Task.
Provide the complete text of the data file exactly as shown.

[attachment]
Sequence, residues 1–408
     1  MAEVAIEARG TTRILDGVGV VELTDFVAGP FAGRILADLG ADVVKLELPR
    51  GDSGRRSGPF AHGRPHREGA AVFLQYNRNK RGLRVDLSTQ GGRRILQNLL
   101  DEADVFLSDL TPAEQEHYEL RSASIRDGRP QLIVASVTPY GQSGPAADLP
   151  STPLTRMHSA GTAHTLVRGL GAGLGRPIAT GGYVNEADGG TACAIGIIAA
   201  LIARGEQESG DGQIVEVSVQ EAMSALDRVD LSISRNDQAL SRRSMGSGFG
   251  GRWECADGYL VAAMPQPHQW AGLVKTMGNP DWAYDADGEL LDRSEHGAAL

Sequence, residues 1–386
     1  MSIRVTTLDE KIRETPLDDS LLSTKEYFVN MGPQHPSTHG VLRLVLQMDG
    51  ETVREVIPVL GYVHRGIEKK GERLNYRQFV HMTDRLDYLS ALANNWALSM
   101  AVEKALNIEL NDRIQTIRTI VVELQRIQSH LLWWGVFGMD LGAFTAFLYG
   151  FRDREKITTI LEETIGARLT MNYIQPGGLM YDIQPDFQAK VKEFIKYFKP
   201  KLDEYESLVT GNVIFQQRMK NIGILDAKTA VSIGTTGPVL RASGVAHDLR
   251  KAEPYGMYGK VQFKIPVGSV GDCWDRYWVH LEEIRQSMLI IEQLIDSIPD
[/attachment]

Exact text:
Sequence, residues 1–408
     1  MAEVAIEARG TTRILDGVGV VELTDFVAGP FAGRILADLG ADVVKLELPR
    51  GDSGRRSGPF AHGRPHREGA AVFLQYNRNK RGLRVDLSTQ GGRRILQNLL
   101  DEADVFLSDL TPAEQEHYEL RSASIRDGRP QLIVASVTPY GQSGPAADLP
   151  STPLTRMHSA GTAHTLVRGL GAGLGRPIAT GGYVNEADGG TACAIGIIAA
   201  LIARGEQESG DGQIVEVSVQ EAMSALDRVD LSISRNDQAL SRRSMGSGFG
   251  GRWECADGYL VAAMPQPHQW AGLVKTMGNP DWAYDADGEL LDRSEHGAAL

Sequence, residues 1–386
     1  MSIRVTTLDE KIRETPLDDS LLSTKEYFVN MGPQHPSTHG VLRLVLQMDG
    51  ETVREVIPVL GYVHRGIEKK GERLNYRQFV HMTDRLDYLS ALANNWALSM
   101  AVEKALNIEL NDRIQTIRTI VVELQRIQSH LLWWGVFGMD LGAFTAFLYG
   151  FRDREKITTI LEETIGARLT MNYIQPGGLM YDIQPDFQAK VKEFIKYFKP
   201  KLDEYESLVT GNVIFQQRMK NIGILDAKTA VSIGTTGPVL RASGVAHDLR
   251  KAEPYGMYGK VQFKIPVGSV GDCWDRYWVH LEEIRQSMLI IEQLIDSIPD